The development of androgen-independent proliferation in prostate cancer is a gradual process and there are a number of steps along the way where the careful use of different modilities of endocrine therapy can cause repeated responses of the malignant cells.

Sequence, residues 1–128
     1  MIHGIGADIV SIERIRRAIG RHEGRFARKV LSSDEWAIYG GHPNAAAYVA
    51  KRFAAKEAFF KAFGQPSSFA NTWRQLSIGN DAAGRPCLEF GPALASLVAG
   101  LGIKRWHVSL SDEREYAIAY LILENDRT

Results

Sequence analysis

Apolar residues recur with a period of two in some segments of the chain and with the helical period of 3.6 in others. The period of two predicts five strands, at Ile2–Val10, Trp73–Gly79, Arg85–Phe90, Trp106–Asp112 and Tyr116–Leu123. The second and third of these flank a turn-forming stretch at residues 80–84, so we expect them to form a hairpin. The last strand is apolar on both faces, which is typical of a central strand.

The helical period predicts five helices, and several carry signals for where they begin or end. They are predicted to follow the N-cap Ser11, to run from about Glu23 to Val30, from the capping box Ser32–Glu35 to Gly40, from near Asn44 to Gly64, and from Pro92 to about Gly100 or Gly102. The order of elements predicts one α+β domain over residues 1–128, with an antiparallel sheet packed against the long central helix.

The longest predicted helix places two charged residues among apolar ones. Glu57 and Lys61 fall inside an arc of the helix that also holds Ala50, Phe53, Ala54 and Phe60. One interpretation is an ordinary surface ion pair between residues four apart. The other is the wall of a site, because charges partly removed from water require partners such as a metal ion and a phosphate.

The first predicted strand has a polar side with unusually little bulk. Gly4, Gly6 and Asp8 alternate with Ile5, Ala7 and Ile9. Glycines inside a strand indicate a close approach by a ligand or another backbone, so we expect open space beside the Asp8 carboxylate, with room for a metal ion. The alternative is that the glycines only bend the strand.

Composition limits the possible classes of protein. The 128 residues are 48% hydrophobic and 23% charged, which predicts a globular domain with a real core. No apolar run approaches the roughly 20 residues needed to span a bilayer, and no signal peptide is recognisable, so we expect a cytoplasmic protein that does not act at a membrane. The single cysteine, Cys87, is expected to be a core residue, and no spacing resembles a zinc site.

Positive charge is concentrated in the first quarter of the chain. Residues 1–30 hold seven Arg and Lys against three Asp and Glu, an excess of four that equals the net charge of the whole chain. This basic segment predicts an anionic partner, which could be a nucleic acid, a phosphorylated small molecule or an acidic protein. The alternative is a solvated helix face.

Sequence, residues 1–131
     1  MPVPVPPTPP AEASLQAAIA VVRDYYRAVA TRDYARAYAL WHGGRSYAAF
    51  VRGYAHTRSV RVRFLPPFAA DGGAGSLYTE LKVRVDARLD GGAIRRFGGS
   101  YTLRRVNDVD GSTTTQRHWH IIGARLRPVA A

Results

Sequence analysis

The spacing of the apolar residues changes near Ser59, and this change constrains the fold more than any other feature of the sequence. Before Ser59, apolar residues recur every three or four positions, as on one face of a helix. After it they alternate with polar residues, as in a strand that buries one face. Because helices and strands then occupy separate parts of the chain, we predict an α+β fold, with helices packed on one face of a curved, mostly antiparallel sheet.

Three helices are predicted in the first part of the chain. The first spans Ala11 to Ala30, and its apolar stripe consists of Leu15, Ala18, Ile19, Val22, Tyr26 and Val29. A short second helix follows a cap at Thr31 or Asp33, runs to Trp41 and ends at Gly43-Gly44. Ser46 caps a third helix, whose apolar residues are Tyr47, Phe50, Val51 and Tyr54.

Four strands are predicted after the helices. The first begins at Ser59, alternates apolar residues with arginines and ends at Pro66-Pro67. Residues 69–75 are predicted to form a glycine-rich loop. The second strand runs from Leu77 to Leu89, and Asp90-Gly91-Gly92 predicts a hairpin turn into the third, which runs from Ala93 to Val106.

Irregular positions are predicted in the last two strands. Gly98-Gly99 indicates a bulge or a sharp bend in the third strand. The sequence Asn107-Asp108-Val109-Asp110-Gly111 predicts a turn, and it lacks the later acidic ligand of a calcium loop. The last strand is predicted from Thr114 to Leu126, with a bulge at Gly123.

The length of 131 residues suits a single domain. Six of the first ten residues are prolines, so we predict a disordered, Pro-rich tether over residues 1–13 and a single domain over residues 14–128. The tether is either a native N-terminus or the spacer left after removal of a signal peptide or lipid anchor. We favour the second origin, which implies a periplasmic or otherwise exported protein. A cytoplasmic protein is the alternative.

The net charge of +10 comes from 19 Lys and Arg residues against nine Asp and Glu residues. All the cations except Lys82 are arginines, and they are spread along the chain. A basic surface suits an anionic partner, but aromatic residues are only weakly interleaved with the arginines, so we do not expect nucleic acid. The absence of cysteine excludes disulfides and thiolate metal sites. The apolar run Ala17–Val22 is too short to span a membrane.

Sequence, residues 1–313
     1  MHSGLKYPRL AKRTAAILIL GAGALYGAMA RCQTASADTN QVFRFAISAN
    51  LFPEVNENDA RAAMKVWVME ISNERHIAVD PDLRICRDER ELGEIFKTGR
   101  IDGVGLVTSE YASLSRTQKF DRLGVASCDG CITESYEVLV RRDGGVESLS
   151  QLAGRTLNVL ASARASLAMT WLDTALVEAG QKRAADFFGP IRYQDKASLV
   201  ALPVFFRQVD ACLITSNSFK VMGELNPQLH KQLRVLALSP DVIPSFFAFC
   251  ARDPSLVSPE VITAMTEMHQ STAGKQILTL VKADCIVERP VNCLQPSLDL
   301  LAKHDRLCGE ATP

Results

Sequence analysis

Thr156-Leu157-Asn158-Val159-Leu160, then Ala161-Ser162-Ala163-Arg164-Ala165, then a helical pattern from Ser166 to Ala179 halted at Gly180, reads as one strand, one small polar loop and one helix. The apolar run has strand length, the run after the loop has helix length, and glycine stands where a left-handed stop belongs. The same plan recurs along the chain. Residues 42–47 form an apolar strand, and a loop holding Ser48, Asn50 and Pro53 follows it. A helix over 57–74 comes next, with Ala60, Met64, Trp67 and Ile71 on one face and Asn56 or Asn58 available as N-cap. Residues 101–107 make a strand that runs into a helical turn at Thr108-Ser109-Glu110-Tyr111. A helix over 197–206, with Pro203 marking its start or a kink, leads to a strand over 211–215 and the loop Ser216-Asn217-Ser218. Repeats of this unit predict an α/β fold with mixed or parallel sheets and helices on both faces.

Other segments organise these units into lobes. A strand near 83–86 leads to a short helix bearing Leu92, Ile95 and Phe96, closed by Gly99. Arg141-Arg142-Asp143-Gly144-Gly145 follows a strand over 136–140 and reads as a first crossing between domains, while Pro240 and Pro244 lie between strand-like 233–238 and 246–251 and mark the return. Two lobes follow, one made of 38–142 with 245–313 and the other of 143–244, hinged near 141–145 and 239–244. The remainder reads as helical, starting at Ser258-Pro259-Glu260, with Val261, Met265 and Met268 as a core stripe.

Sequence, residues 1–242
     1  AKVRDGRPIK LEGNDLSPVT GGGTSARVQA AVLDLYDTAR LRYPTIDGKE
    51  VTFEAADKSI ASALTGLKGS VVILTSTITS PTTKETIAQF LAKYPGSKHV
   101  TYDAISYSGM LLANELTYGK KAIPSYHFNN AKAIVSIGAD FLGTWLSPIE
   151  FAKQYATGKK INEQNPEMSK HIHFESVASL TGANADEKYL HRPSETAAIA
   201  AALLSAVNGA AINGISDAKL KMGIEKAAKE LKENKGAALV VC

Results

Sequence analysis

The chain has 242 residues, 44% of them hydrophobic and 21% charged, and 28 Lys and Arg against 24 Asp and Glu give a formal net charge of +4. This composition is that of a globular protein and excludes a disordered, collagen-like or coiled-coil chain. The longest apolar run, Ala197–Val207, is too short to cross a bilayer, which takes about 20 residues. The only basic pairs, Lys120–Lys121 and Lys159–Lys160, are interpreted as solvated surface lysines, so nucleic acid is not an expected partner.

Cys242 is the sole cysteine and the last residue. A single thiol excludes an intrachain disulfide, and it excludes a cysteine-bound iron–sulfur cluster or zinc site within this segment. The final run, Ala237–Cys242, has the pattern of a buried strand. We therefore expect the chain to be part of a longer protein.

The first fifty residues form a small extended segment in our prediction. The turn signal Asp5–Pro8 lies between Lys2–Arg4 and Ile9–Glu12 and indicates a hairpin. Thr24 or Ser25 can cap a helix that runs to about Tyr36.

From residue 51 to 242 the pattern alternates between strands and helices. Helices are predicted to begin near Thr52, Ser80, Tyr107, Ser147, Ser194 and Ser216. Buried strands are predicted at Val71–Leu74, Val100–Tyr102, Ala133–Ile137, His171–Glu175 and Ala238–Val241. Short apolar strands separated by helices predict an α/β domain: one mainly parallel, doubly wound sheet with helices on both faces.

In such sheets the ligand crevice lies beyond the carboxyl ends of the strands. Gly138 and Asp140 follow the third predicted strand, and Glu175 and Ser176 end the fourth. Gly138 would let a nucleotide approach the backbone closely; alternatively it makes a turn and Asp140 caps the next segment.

Table 47.1 shows the development of the completely endocrine independent cell occurring in four stages. The hormonenaive patient, who has been diagnosed as suffering from prostate cancer that is no longer to be cured by radical prostatectomy or radiotherapy, will respond to the use of monotherapy with androgen receptor antagonists, either steroidal or non-steroidal, or medical or surgical castration. Within a period of 1.5-3 years the cells will show resistance to this monotherapeutic option and require further hormone treatment. In patients who have received monotherapy with an antiandrogen, there will still be normal levels of testosterone in the blood, but in some instances the levels may be slightly elevated. Withdrawal of the patient's own androgens by means of medical or surgical castration will give rise to further response in approximately half of the patients. In patients who have been medically or surgically castrated, there will be a response in approximately 30% to the administration of an androgen receptor antagonist, which will block the androgens, or androgen precursors, produced by the adrenal glands. At this point, the patient's own testosterone will be at castrate level. Although the tumor is probably now androgen resistant, it will still respond to other endocrine manipulations, such as the administration of corticosteroids or, in the case of MAB, to the withdrawal of an antiandrogen. In addition, at this stage, many patients will respond to estrogens, probably as a result of their cytotoxic effects. Only after further proliferation of the cancer cells is there talk of a truely endocrine-independent
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